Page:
(Updated, 9/13/2012, 9:01 p.m.) The University of California on Thursday released the final version of a report, first outlined in May, that offers a series of recommendations on the handling of campus protests. The university’s president, Mark G. Yudof, commissioned the report after students and police officers clashed last year on the system’s Berkeley and Davis campuses.
Those confrontations included a now-infamous incident at Davis in which a police officer was filmed pepper-spraying seated student protesters. That police officer was later dismissed. (The university system’s Board of Regents approved on Thursday a proposed settlement under which the university would pay damages to students and alumni who were pepper-sprayed, the Los Angeles Times reported. The agreement requires a federal judge’s approval. Neither the ACLU, which filed the lawsuit, nor the university would disclose further details.)
The final version of the report on handling protests draws on 84 online comments, e-mails, and letters submitted by the public over a five-week period. It includes 49 recommendations in the same nine areas that the draft report covered, including challenges related to civil disobedience, communicating with protesters, and post-event review. In a letter presenting the report to Mr. Yudof, Charles F. Robinson, the system’s vice president and general counsel, and Christopher F. Edley Jr., dean of Berkeley’s law school, outlined key changes between the two versions.
“As a general matter, many campus administrators and police commented that the recommendations should be revised to give them more flexibility in responding to the varied challenges posed by protests,” they wrote. “Some students and faculty commented that the recommendations should further limit the ability of the police to use force.”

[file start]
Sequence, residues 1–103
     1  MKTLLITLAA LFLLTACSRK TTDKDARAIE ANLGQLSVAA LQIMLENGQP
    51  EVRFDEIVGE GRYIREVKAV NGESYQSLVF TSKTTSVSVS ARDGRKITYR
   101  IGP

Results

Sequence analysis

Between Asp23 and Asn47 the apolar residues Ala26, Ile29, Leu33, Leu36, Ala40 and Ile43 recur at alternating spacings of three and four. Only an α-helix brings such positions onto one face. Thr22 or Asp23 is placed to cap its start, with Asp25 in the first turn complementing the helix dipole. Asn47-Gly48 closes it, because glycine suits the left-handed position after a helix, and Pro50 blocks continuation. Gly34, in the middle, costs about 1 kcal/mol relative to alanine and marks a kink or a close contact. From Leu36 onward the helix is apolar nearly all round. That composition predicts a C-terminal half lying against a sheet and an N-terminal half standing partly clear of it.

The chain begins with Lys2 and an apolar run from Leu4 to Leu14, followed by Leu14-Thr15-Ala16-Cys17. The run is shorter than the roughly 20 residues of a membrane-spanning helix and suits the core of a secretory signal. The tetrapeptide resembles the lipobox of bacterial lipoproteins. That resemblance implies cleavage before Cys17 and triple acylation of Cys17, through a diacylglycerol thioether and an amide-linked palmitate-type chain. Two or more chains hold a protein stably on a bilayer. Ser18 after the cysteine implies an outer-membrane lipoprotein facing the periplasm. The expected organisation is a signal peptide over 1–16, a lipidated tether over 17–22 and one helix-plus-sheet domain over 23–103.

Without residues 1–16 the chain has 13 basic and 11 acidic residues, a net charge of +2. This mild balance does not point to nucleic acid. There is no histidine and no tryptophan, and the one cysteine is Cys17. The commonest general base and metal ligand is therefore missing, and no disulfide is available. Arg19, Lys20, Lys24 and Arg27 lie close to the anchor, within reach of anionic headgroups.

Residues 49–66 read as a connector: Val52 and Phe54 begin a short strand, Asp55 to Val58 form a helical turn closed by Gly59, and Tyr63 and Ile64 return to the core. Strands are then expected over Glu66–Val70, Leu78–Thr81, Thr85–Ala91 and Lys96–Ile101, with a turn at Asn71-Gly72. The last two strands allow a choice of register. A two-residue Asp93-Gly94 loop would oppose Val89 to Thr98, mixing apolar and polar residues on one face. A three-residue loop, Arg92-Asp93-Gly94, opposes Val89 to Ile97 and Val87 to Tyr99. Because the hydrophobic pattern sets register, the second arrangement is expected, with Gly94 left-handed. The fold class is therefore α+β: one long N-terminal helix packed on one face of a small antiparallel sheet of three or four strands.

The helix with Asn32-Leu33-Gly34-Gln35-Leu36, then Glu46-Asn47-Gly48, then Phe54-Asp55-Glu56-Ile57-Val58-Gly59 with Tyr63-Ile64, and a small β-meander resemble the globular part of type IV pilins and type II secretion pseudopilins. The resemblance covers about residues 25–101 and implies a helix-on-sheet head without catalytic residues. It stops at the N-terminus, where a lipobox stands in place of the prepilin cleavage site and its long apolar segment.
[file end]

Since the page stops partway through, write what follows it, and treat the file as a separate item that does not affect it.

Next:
The final version adds a recommendation about increasing the opportunities for students and others to express their concerns to the university’s Board of Regents. It also clarifies earlier recommendations about decision making and the authorization of force during protests. The report now recommends that, “absent exigent circumstances, police should give warnings before using force options that pose health risks to individuals with particular medical conditions (such as pepper spray for pregnant women or those with asthma). The warning should clearly state that individuals with those medical conditions could be at risk of harm, and police should then allow people sufficient time to leave following the warnings.”
The university said in a statement that Lynn Tierney, associate vice president for communications in the the university’s office of the president, would take on a one-year assignment to coordinate systemwide activities stemming from the report.